Abortion Funding for Peace Corps’ Volunteers Advances With Republican Support

Bills eliminating the restriction passed in both House and Senate appropriations committees for the first time.

National Journal
Sophie Novack
June 24, 2014, 8:50 a.m.

Con­gress has re­peatedly blocked fed­er­al fund­ing for abor­tions for Peace Corps mem­bers, even in the event of rape, in­cest, or life en­dan­ger­ment. Un­til now.

For the first time, the Sen­ate and House Ap­pro­pri­ations Com­mit­tees have both ap­proved bills that lift the ban on abor­tion fund­ing for vo­lun­teers in the above cir­cum­stances. The move­ment gives reas­on to be­lieve Con­gress may ac­tu­ally ap­prove the fund­ing this year.

The House com­mit­tee passed an amend­ment al­low­ing for the cov­er­age as part of the Fisc­al 2015 state and for­eign op­er­a­tions ap­pro­pri­ations bill in a voice vote Tues­day af­ter­noon. Sen­ate Ap­pro­pri­ations passed sim­il­ar lan­guage in the same bill last week.

Since 1979, in­sur­ance through the Peace Corps has been pro­hib­ited from cov­er­ing abor­tions un­der any cir­cum­stances, even though emer­gency cov­er­age was avail­able for oth­er re­cip­i­ents of gov­ern­ment-sponsored in­sur­ance — in­clud­ing fed­er­al em­ploy­ees and Medi­caid re­cip­i­ents. Con­gress elim­in­ated a sim­il­ar pro­hib­i­tion for mem­bers of the mil­it­ary last year. Fed­er­al fund­ing for abor­tions is pro­hib­ited out­side the above three situ­ations.

Op­pon­ents of the Peace Corps ban ar­gue that vo­lun­teers should have the same ac­cess to cov­er­age. And, they say, giv­en that the Peace Corps is 60 per­cent fe­male, and typ­ic­ally in po­ten­tially ris­ki­er situ­ations, the emer­gency cov­er­age is all the more crit­ic­al.

The ap­pro­pri­ations pro­cess has fol­lowed a pre­dict­able pat­tern in re­cent years, however, with the Sen­ate aim­ing to lift the fund­ing re­stric­tion, and the House re­peatedly up­hold­ing it. Without bicam­er­al sup­port, at­tempts to strike the ban have fallen flat.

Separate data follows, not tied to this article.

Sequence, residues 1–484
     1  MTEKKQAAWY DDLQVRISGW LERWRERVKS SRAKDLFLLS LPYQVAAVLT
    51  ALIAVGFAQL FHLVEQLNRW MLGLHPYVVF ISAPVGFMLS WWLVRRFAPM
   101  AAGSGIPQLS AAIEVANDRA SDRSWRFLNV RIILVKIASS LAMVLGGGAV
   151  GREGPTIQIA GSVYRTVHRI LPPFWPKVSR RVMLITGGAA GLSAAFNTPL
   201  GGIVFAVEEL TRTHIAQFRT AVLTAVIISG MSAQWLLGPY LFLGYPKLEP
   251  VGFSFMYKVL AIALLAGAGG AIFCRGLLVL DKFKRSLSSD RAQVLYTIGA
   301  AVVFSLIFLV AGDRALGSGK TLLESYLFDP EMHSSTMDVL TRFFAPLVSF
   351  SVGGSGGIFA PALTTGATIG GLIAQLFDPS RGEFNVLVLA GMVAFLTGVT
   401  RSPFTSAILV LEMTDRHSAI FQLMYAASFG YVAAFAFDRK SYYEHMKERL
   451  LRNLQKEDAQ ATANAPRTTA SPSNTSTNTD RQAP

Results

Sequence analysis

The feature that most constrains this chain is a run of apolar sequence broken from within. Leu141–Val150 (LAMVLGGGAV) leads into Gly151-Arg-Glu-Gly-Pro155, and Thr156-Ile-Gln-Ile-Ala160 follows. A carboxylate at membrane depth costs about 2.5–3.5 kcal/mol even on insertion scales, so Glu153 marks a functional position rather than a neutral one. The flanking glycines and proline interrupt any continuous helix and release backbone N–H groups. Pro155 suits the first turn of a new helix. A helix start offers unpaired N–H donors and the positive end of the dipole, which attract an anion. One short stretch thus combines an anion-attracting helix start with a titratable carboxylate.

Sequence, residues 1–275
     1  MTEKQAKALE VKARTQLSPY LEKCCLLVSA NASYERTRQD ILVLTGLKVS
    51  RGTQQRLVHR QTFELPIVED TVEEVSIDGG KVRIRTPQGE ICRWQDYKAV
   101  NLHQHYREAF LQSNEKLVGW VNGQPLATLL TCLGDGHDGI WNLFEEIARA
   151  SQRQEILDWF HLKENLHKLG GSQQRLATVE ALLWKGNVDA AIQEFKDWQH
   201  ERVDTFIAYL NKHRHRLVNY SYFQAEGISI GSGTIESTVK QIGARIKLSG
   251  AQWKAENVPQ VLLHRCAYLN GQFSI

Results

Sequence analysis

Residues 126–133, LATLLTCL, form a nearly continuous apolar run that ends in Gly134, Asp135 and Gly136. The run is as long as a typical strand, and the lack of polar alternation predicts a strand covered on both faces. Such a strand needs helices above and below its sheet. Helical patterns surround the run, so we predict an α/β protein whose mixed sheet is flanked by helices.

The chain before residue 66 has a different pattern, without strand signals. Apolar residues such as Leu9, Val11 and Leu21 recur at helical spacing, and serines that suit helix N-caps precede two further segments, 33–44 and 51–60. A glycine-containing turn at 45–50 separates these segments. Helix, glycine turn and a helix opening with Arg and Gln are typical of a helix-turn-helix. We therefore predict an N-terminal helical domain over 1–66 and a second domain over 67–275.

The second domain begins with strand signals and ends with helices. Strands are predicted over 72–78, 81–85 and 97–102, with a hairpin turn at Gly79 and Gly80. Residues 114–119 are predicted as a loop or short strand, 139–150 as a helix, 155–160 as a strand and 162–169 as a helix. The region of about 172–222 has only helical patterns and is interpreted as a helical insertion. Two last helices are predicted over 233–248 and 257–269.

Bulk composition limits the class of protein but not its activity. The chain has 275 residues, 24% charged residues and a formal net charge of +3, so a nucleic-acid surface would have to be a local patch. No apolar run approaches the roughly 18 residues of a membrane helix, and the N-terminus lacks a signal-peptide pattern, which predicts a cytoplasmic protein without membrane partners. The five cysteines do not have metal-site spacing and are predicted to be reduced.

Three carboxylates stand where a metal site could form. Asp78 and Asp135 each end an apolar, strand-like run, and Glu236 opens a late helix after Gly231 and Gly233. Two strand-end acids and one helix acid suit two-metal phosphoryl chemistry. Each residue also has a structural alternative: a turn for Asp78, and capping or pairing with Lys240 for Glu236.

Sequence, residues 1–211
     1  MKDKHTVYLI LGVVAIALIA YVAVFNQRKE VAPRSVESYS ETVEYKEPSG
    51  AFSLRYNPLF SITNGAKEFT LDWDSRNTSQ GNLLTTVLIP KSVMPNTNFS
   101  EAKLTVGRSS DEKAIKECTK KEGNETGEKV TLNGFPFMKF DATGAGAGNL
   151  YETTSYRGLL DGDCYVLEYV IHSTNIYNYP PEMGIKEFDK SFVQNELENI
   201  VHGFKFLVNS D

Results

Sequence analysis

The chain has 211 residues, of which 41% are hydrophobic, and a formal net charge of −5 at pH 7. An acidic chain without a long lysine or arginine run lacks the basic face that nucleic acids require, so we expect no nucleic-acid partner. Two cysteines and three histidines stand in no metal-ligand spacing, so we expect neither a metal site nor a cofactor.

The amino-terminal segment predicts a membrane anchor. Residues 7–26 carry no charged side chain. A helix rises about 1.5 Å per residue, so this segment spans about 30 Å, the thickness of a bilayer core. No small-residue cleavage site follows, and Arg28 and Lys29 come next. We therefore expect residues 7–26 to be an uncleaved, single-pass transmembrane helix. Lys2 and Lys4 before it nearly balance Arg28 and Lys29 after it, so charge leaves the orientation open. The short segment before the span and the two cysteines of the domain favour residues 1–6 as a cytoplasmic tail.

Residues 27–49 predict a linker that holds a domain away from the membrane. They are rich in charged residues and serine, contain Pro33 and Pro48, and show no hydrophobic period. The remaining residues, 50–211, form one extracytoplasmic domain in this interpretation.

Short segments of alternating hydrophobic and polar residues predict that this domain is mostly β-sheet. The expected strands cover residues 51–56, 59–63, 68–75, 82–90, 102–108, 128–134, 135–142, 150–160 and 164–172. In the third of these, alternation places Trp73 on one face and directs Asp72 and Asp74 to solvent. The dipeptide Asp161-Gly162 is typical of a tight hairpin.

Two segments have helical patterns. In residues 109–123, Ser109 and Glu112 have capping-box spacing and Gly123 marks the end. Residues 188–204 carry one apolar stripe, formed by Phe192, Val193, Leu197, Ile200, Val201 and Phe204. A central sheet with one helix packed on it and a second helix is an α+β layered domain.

However, this year was the first in which a stand-alone bill ad­dress­ing the is­sue was in­tro­duced in the House, giv­ing abor­tion-rights ad­voc­ates hope that this time might be dif­fer­ent.

The Peace Corps Equity Act of 2014 was in­tro­duced by Demo­crat­ic Rep. Nita Lowey of New York in May, while a cor­res­pond­ing bill was re­in­tro­duced by Demo­crat­ic Sen. Jeanne Shaheen of New Hamp­shire in the Sen­ate. The ef­fort was ori­gin­ally spear­headed by the late Sen. Frank Lauten­berg.

Pres­id­ent Obama has in­cluded fund­ing for emer­gency abor­tion ser­vices for Peace Corps vo­lun­teers in his budget pro­pos­al for the past two years.

“This is the first time it has got­ten through House Ap­pro­pri­ations,” Mat­thew Den­nis, com­mu­nic­a­tions dir­ect­or for House Ap­pro­pri­ations Demo­crats, wrote in an email. “The fact that both House and Sen­ate com­mit­tees have ap­proved it is im­port­ant as the pro­cess moves for­ward.”

A full vote on the le­gis­la­tion has not yet been sched­uled in the House or Sen­ate.

What We're Following See More »
What the Current Crop of Candidates Could Learn from JFK
1 days ago

Much has been made of David Brooks’s recent New York Times column, in which confesses to missing already the civility and humanity of Barack Obama, compared to who might take his place. In NewYorker.com, Jeffrey Frank reminds us how critical such attributes are to foreign policy. “It’s hard to imagine Kennedy so casually referring to the leader of Russia as a gangster or a thug. For that matter, it’s hard to imagine any president comparing the Russian leader to Hitler [as] Hillary Clinton did at a private fund-raiser. … Kennedy, who always worried that miscalculation could lead to war, paid close attention to the language of diplomacy.”

Maher Weighs in on Bernie, Trump and Palin
2 days ago

“We haven’t seen a true leftist since FDR, so many millions are coming out of the woodwork to vote for Bernie Sanders; he is the Occupy movement now come to life in the political arena.” So says Bill Maher in his Hollywood Reporter cover story (more a stream-of-consciousness riff than an essay, actually). Conservative states may never vote for a socialist in the general election, but “this stuff has never been on the table, and these voters have never been activated.” Maher saves most of his bile for Donald Trump and Sarah Palin, writing that by nominating Palin as vice president “John McCain is the one who opened the Book of the Dead and let the monsters out.” And Trump is picking up where Palin left off.